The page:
Jan. 27, 2022

Six Takeaways From the SEC’s FY 2021 Enforcement Results

Each year since 2017, the SEC’s Enforcement Division (Enforcement) has issued an annual report summarizing its enforcement actions and results for the fiscal year (FY). For FY 2021, however, Enforcement merely issued a press release (Release) that highlights significant actions brought between October 1, 2020, and September 30, 2021, along with an addendum containing enforcement statistics for the year. “The SEC’s Enforcement Division is the cop on the beat for America’s securities laws,” said Chair Gary Gensler in the Release. “As these results show, we go after misconduct wherever we find it in the financial system, holding individuals and companies accountable, without fear or favor, across the $100‑plus trillion capital markets we oversee.” Enforcement Director Gurbir Grewal added in the Release, “This year has seen a number of critically important and first-of-their-kind enforcement actions, as well as record-breaking achievements for our whistleblower program, which we expect will lead to even more successful actions in the future.” Despite the lack of a more detailed annual report, hedge fund managers can still identify key trends and focus areas from this overview of recent enforcement activity. This article reviews the statistics and identifies six key takeaways for fund managers. For coverage of prior Enforcement annual reports, see the 2020 Report; 2019 Report; 2018 Report; and 2017 Report.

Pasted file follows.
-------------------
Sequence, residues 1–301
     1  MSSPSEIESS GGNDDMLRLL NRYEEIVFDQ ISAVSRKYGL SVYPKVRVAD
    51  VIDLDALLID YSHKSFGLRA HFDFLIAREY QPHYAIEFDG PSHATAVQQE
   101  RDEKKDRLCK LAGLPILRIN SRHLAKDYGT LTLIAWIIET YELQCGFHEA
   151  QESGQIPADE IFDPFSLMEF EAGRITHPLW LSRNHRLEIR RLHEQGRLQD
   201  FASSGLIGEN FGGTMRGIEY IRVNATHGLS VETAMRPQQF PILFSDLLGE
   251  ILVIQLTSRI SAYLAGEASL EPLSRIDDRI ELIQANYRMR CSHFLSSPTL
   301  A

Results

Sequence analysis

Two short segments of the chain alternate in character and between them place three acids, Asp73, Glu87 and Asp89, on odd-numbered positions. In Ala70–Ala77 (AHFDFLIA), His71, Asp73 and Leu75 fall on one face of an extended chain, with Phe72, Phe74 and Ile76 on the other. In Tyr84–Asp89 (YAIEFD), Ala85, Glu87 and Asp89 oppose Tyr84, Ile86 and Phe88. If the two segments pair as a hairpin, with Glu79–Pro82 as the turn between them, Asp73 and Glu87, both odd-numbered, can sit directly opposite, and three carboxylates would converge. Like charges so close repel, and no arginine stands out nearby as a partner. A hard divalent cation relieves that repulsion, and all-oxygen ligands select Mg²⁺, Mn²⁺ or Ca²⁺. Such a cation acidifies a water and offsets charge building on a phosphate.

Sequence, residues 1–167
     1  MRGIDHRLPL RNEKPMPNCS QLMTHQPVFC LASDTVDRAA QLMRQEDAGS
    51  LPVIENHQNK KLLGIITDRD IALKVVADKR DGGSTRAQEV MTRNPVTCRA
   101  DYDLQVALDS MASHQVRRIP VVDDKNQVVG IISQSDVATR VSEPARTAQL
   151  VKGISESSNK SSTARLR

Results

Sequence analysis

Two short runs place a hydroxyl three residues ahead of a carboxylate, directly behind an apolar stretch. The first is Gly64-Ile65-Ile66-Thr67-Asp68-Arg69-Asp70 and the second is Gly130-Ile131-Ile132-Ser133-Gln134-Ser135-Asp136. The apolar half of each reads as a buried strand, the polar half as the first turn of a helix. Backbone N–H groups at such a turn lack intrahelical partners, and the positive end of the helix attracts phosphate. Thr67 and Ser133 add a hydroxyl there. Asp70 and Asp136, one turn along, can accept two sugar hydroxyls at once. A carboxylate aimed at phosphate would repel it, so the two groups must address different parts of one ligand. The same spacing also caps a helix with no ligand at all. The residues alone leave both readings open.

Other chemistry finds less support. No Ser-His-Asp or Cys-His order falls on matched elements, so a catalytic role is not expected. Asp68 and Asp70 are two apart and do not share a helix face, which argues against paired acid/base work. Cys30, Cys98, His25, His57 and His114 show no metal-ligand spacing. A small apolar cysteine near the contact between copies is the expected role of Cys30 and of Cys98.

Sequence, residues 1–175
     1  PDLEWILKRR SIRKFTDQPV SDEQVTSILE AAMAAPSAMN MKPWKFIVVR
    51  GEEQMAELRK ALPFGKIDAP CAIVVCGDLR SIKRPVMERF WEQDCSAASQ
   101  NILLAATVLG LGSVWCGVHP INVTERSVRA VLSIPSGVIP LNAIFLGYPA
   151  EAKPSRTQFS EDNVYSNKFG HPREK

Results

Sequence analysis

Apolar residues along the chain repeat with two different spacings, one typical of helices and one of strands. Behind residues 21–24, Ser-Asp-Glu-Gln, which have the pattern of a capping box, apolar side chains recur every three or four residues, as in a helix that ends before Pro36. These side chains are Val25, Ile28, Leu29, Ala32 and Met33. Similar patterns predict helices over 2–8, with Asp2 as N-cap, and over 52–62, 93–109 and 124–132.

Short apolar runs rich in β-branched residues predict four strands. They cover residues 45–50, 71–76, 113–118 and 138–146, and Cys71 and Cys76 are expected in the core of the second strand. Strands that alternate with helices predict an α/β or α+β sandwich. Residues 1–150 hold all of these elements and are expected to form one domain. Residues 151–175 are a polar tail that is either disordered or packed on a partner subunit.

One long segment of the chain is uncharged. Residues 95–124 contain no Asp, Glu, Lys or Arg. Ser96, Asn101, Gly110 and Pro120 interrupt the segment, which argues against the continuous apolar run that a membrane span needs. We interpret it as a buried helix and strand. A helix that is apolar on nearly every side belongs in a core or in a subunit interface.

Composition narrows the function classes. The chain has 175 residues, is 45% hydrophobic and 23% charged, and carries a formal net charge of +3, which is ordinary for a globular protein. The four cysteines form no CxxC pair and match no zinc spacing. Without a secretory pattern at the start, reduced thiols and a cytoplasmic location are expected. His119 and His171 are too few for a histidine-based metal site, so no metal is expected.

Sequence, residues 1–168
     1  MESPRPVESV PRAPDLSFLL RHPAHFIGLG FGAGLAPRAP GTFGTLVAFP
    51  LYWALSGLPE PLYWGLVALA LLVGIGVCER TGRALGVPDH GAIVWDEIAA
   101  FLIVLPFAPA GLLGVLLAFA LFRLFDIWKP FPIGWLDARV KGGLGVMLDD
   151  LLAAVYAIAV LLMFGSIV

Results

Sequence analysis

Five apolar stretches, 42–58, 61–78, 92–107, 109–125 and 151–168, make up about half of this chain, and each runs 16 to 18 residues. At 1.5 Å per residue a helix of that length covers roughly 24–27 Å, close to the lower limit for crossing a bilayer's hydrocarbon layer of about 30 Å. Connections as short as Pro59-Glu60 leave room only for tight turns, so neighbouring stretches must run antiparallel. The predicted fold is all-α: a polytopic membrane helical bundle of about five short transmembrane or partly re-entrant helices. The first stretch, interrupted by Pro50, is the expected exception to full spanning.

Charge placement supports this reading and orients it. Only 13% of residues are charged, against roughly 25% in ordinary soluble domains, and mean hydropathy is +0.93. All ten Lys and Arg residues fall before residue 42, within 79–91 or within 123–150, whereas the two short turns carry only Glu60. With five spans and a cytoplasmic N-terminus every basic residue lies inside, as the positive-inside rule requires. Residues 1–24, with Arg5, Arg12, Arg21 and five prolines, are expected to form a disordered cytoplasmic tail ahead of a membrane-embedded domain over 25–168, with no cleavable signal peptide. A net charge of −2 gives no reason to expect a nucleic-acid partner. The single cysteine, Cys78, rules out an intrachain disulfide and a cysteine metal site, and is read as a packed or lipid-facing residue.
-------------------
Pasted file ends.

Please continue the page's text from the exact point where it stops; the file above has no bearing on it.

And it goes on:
Study Finds that “Sustainable” Funds Perform Only Marginally Better Than Other Funds in Advancing U.N. Sustainable Development Goals